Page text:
2 Beliefs and Upgrades in Plausibility Models

In this section, we review some notions and examples from Baltag and Smets (2009). The basic semantic concept is that of a (finite, single-agent) “plausibility” frame. This is a structure S = (S,  ≤), consisting of a finite set S of “states” (or possible worlds) and a total preorder \(\leq \subseteq S\times S\).1 We use the notation s < t for the corresponding strict order (i.e. s < t iff s ≤ t but \(t \; \nleq \; s\)), and st for the corresponding equi-plausibility relation (st iff both s ≤ t and t ≤ s).

(Pointed) Plausibility Models

A (finite, single-agent, pointed) plausibility model is a structure \({\bf S}=(S,\leq, \|{\cdot}\|, s_0)\), consisting of a plausibility frame (S,  ≤) together with a valuation map \(\|{\cdot}\|: \Upphi \to {\cal P}(S)\) and a designated state \(s_0\in S\), called the “actual state”. The valuation maps every element p of some given set \(\Upphi\) of “atomic sentences” into a set of states \(\|p\|\subseteq S\).

Knowledge and (Conditional) Belief

Given a plausibility model S and sets \(P,Q\subseteq S\) of states, we define: \(best P=Min_{\leq}P := \{s\in P: s\leq s' \quad \hbox{for\,\,all}\,s'\in P\},\,best := bestS,\,K P := \{s \in S: P = S \},\,B P := \{s\in S: best \subseteq P \},\,B^Q P := \{s\in S: best Q \subseteq P\}\).

Note that the operators KBB Q are in fact Kripke modalities for the following accessibility relations: R K  = S × S,  R B  = S × best, \( R^{{B^{Q} }} \)S × best Q. This shows that the plausibility-model semantics for knowledge and (conditional) belief is a special case of the Kripke semantics. Moreover, note that, for all \(P,Q\subseteq S\), we have that \(K P, B P, B^Q P\in \{S, \emptyset\}\). In other words, the truth value of these propositions does not depend on the choice of the actual world s 0. This is natural: “knowledge” (in the fully introspective sense given by the K operator), belief and conditional belief are attitudes that are “internal” to the subject, and so the truth value of such statements should only depend on the agent’s doxastic structure, not on the real world.


The elements of S represent the possible states, or “possible worlds”. The “actual state” s 0 (as given by the pointed plausibility model) represents the correct description of the real world and might well be unknown to the agent. The atomic sentences \(p\in \Upphi\) represent “ontic” (non-doxastic) facts, that might hold or not in a given state. The valuation tells us which facts hold at which worlds. KP is read as “the agent knows P ”. The plausibility relation ≤ is the agent’s plausibility order between her “epistemically possible” states: we read s ≤ t as “the agent considers s at least as plausible as t”. This is meant to capture the agent’s (conditional) beliefs about the state of the system. Here B Q P is read as “the agent believes P conditional on Q” and means that, if the agent would receive some further (certain) information Q (to be added to what she already knows) then she would believe that P was the case. The above definition says that B Q P holds iff P holds in all the “best” (i.e. the most plausible) Q-states. In particular, a simple (non-conditional) belief B P holds iff P holds in all the best states that are epistemically possible.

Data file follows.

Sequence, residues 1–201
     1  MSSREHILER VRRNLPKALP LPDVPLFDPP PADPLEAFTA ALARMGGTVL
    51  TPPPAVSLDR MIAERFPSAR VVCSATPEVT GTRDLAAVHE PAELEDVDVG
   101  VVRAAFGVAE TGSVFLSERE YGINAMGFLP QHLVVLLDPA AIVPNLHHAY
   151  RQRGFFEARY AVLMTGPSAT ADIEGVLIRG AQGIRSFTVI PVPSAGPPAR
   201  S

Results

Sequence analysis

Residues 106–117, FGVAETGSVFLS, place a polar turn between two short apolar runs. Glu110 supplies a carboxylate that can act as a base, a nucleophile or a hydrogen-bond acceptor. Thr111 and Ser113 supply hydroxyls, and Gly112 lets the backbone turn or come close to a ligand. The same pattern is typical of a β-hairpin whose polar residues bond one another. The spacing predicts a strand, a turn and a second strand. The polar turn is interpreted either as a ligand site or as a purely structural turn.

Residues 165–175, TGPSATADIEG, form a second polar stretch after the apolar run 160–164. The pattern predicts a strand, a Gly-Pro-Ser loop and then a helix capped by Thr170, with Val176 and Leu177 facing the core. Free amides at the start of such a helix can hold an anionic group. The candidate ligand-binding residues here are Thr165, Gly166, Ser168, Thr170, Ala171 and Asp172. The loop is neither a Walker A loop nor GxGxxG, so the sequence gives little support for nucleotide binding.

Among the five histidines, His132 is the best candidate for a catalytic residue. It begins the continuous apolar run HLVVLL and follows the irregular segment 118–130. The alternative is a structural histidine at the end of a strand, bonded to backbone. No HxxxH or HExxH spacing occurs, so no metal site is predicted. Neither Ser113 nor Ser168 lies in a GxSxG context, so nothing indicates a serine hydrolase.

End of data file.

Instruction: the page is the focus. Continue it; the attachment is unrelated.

Doxastic Propositions

We introduce a notion of proposition that can be interpreted in any model: A doxastic proposition is a map P assigning to each model S some set \({\bf P}_{\bf S}\subseteq S\) of states in S. We write \(s\models_{\bf S} {\bf P}\), and say that the proposition P is true at state \(s\in S\) in the model S, iff \(s\in {\bf P}_{\bf S}\). We say that a doxastic proposition P is true at (the pointed model) S, and write \({\bf S}\models {\bf P}\) if it is true at the “actual state” s 0 in the model S, i.e. if \(s_0\models_{\bf S} {\bf P}\). We have the “always true” \(\top\) and “always false” \(\bot\) propositions \(\bot_{\bf S}:=\emptyset, \top_{\bf S}:=S\). And for each atomic sentence p, the corresponding doxastic proposition p is given by \({\bf p}_{\bf S}= \|p\|_{\bf S}\). All the operations on sets can be “lifted” pointwise to propositions: negation \((\neg {\bf P})_{\bf S}:=S\setminus {\bf P}_{\bf S}\), conjunction (PR) S : = P S R S etc, the “best” operator (best P) S : = best P S , all the modalities (K P) S : = K P S ,  (B P) S : = B P S ,  (B Q P) S : = \(B^{\bf Q_{\bf S}}\) P S etc.